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Weekly Wisdoms for the week of September 17, 2012

The people who hear God's voice best are the ones who know his word most.

Jesus said to his followers, "If you hold to my teaching, you are really my disciples. Then you will know the truth, and the truth will set you free" (John 8:31-32). If we hold to his teaching, meaning live in it, abide in it, and follow it, then we will know the truth. That's exactly the way hearing from God works. When we abide in his word, we will know his voice, which is truth.

All of scripture is God talking to his people. So, in order to hear from God, you must know scripture.

God has given us scripture, and he calls it his word. It is the word of God. And we refer to it as God's word. So, how do you know when God's talking to you? Because he talks through his word.

In order to hear God talking to you, you must know his word. The more you know his word, the better you'll hear his voice.

We want God to change our circumstances, but God wants to use our circumstances to change us.

It can be easy to think that God is obligated to make life easy for us and to remove all of our difficult circumstances. But, the truth is that during hard times God is preparing us for greater things. If He removed the difficult circumstances in our lives, we would probably never mature.

James 1:2-4 says, "Consider it pure joy, my brothers, whenever you face trials of many kinds, because you know that the testing of your faith develops perseverance. Perseverance must finish its work so that you may be mature and complete, not lacking anything." In other words, rejoice in "trials of many kinds", because they test your faith, which causes you to grow closer to God. Indeed, God assures us that something beneficial can come from the hard times in life.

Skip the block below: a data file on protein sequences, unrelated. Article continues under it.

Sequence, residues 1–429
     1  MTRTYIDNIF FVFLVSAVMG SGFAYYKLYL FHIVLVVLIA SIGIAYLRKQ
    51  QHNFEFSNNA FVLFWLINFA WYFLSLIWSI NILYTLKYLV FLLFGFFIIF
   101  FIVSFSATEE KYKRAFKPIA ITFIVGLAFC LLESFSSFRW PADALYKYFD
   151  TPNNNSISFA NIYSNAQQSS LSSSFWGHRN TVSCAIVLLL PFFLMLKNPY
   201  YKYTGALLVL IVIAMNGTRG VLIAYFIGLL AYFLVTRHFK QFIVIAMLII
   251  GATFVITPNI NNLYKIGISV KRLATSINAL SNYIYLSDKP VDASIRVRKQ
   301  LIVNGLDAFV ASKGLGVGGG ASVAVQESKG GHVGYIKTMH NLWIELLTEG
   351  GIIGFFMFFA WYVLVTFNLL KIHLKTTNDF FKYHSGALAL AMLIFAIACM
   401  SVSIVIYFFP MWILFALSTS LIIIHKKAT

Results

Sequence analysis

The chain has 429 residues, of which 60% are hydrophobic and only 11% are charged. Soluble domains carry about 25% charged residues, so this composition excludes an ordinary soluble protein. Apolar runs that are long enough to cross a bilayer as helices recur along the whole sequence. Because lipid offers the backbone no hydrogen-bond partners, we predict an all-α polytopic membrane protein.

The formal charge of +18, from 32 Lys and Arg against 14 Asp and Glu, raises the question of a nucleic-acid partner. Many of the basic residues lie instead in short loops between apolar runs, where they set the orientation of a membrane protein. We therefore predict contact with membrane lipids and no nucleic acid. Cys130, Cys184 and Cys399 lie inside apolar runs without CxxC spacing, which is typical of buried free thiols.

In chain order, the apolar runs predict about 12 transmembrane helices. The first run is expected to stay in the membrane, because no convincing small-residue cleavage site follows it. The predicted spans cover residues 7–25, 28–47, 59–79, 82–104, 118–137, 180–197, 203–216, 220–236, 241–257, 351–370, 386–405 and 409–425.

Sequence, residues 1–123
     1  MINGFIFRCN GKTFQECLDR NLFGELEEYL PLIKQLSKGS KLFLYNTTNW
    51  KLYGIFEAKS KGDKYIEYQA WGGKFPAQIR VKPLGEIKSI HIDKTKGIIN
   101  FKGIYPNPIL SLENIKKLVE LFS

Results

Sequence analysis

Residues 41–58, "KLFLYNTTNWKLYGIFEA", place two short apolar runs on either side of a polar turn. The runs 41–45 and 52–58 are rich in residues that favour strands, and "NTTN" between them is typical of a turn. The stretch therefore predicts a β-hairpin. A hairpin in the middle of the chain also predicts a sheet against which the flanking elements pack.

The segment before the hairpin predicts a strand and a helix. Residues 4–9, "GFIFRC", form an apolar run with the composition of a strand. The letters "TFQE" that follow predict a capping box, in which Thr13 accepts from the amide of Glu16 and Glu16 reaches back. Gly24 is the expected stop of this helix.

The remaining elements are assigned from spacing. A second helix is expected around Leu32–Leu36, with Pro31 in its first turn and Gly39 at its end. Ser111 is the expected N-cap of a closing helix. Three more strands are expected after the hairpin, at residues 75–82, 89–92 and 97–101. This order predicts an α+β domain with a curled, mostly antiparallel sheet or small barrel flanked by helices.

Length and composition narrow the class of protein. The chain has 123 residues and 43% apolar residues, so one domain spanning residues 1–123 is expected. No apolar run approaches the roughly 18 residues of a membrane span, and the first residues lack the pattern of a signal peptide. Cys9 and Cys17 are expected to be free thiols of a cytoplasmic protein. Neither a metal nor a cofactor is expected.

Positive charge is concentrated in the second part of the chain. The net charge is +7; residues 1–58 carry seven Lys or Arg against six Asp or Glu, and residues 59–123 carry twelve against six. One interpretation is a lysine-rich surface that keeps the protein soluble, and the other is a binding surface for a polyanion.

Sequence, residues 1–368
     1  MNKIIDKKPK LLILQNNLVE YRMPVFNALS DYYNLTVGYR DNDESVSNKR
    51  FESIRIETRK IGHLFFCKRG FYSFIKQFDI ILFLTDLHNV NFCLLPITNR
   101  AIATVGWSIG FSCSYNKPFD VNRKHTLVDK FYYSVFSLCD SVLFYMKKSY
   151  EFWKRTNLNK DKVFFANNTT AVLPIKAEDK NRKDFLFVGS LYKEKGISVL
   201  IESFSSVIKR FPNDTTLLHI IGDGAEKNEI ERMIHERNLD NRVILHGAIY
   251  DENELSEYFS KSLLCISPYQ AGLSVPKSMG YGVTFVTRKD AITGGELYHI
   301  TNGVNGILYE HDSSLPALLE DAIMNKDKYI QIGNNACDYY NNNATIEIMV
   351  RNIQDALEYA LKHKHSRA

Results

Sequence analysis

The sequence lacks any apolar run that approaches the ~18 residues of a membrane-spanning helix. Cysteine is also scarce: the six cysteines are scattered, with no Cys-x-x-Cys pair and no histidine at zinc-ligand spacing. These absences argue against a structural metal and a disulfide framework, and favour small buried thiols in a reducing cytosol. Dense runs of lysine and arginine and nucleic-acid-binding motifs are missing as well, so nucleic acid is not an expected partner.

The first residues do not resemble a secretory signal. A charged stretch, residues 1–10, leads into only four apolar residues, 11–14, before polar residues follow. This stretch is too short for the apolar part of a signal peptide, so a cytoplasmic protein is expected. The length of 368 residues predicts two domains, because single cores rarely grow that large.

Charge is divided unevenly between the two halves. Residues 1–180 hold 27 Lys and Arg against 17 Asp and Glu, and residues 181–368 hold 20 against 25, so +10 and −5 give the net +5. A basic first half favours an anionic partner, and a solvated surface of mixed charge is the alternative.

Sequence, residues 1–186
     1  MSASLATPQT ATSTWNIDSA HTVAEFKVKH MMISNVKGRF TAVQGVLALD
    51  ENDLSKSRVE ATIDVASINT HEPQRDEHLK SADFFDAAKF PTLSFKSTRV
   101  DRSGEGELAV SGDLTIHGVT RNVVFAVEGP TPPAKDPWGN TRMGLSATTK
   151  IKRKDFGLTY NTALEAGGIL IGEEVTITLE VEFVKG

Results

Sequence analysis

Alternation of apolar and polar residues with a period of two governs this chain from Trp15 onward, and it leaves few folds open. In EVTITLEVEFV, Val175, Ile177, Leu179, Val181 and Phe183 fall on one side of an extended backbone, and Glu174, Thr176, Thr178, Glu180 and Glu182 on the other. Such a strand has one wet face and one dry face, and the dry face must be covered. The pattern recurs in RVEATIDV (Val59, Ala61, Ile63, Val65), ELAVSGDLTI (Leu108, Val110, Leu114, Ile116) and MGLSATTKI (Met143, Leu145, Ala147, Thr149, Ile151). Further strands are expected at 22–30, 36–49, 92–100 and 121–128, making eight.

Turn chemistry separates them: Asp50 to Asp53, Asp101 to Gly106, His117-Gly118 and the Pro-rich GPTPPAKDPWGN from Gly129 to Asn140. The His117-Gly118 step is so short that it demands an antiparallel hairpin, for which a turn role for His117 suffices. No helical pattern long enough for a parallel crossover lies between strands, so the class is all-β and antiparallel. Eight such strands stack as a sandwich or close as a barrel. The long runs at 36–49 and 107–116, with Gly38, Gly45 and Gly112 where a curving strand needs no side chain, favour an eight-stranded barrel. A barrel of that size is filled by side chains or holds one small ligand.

If you are going through trials now, take hope in the fact that almost everyone in the Bible who did great things for God also had to endure great hardships. For example, in 2 Corinthians 11:24-27, Paul recounts many of the difficult circumstances that he had gone through: "Five times I received from the Jews the forty lashes minus one. Three times I was beaten with rods, once I was stoned, three times I was shipwrecked, I spent a night and a day in the open sea, I have been constantly on the move. I have been in danger from rivers, in danger from bandits, in danger from my own countrymen, in danger from Gentiles; in danger in the city, in danger in the country, in danger at sea; and in danger from false brothers. I have labored and toiled and have often gone without sleep; I have known hunger and thirst and have often gone without food; I have been cold and naked."

Clearly, Paul had suffered greatly for the Gospel. However, God used those circumstances to make Paul more mature and to give him a great love for God and for spreading God's Word. Now, Paul is widely considered the second most important person in the New Testament—behind Jesus, of course. However, we must remember that Paul had to go through many difficult trials. It was those times of testing that caused Paul to grow closer to God, qualifying him to be a great witness for Christ.

This same principle can be seen in almost every other person in the Bible who did great things for God. It was during times of testing that such people developed the strength and character for which we respect them.

Therefore, don't always beg God to change your circumstances. Instead, view each as an opportunity for God to change you, making you "mature and complete, not lacking anything."